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Education Ministry on course to waive public universities pending bills

The Ministry of Education is engaging the Treasury on ways to waive part of the Ksh 60 billion that public universities owe KRA.

With the universities facing financial crisis, the ministry admitted that the higher learning institutions could not afford to pay all their pending bills.

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Cabinet Secretary for Ministry of Education Ezekiel Machogu said that a committee from the ministry and Treasury had been formed to look into the pending bills.

He noted that the pending bills had accrued in the last five years with the universities unable to pay KRA, PAYE and workers’ pension schemes.

He blamed this on the old funding model to the universities called the DUC (Differentiated Unit Cost) which saw students undertaking expensive courses like Medicine get the lion share of the funds.

“Universities have pending bills of around Ksh 62B and we are working with the national government on how KRA can waive some of these bills,” he said.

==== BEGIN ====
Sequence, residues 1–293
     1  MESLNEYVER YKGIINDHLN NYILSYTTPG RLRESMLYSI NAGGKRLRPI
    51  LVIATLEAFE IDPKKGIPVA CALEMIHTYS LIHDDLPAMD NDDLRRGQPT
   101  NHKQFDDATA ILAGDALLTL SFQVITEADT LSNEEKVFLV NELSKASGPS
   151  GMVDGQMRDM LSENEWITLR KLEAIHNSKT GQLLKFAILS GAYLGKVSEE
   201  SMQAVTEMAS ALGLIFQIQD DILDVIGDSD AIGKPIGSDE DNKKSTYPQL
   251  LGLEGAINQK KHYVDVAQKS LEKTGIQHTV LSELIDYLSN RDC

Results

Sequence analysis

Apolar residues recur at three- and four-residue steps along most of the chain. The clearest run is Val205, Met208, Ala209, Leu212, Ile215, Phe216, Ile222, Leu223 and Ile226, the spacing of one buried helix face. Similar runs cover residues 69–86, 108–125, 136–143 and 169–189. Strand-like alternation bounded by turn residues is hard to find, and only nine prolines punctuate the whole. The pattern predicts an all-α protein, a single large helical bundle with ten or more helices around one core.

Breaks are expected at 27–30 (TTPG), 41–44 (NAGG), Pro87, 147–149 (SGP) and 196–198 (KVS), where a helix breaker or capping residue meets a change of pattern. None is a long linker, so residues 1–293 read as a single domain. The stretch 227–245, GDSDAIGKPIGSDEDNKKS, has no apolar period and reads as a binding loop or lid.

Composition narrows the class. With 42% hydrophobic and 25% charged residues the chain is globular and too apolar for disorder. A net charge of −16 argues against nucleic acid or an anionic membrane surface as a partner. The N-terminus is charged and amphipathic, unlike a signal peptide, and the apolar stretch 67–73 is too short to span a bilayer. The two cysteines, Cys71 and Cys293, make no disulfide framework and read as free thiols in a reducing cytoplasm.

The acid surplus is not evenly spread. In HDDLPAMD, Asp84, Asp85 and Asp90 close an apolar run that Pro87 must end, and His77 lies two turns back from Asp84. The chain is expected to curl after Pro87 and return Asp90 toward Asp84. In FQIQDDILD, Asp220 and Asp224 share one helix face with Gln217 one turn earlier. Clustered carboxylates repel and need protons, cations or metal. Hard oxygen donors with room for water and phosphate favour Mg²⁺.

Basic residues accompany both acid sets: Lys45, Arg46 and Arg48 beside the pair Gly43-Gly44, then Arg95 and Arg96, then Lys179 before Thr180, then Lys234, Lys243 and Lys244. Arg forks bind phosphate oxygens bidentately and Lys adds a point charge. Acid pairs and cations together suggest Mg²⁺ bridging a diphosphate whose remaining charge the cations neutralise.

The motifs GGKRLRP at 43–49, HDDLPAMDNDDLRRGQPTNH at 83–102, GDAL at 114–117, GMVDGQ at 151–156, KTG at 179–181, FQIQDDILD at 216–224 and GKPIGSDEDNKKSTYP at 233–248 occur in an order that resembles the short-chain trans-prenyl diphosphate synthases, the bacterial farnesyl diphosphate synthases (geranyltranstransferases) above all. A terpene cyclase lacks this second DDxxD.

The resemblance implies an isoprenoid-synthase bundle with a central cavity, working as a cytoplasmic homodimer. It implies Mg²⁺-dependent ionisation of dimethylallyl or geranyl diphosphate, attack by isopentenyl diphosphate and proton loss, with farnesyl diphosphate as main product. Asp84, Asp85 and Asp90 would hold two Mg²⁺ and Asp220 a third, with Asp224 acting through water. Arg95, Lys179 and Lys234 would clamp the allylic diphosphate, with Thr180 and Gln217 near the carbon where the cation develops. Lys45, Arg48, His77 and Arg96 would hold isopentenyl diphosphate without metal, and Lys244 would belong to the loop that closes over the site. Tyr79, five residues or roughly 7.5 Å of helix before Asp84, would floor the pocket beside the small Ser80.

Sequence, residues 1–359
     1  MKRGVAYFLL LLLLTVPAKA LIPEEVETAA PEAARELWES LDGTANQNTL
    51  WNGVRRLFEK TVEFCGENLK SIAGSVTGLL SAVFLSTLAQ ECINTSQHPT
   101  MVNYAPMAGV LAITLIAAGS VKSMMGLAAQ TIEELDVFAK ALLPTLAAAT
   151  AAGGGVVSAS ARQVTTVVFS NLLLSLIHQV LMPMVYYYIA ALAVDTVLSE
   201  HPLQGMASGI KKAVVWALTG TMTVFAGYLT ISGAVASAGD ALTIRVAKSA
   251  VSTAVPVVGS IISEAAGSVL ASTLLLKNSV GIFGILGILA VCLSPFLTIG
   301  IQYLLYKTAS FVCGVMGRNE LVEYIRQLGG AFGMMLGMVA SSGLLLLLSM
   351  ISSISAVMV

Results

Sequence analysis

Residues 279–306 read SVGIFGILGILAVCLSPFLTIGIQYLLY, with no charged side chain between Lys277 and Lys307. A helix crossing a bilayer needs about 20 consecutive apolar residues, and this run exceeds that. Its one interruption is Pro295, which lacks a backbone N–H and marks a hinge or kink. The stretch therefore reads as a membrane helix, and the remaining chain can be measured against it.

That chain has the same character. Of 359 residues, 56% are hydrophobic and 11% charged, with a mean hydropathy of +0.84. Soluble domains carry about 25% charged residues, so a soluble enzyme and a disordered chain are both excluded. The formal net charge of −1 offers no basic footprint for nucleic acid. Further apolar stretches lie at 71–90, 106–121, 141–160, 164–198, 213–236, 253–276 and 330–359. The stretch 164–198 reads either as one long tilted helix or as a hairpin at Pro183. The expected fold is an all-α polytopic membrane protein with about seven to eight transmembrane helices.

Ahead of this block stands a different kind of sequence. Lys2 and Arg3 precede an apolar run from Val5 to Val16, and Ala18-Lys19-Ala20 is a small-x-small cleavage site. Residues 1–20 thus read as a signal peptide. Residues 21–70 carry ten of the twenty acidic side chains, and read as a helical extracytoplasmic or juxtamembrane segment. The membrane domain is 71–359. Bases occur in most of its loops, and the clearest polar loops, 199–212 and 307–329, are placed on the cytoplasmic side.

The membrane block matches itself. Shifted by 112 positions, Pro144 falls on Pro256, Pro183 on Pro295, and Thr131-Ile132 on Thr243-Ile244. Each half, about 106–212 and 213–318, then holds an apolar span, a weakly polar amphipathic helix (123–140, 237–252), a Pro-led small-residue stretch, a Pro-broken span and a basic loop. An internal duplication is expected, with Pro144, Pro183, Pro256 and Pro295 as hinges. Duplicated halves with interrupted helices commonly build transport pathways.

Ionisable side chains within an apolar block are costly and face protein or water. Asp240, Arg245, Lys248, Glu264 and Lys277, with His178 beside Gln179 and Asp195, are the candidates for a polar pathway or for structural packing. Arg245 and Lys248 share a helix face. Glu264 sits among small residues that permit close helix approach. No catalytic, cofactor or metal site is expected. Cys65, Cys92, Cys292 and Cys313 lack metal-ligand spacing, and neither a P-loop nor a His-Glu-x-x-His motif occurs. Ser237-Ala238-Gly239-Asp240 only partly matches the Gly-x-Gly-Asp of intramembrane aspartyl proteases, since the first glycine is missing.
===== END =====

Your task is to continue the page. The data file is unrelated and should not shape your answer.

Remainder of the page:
The CS was addressing the press in Lake Naivasha Resort after meeting the Senate committee on education where he said that the new funding model would solve challenges in the universities.

“The new university funding model has been split into four groups and students from the most vulnerable families will be the biggest beneficiaries,” he said.

The CS noted that the Ministry had changed the capitation formula with schools getting 50pc the first term, 30pc in the second term and the last in the final term and  that they were working closely with TSC in addressing challenges facing teachers and the education system

“We have also heard some teachers in Northern Kenya complain about cases of insecurity and the government would like to assure them of their safety, we have managed to pay all the invigilators who participated in the exams and going forward we shall put measures in place to pay them soon after the exercise,” he said.

Chair of the Senate committee Joseph Nyutu lauded the Ministry on the new university funding model noting that all poor students would benefit adding that the Ministry had also assured them that schools with special needs would be the first to get capitation fees under the new funding model by the government.

“For years, schools with special needs have been sidelined leading to suffering of the students and the caregivers but this will now be a thing of the past,” he said.

Antony Gitonga
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Sally Namuye
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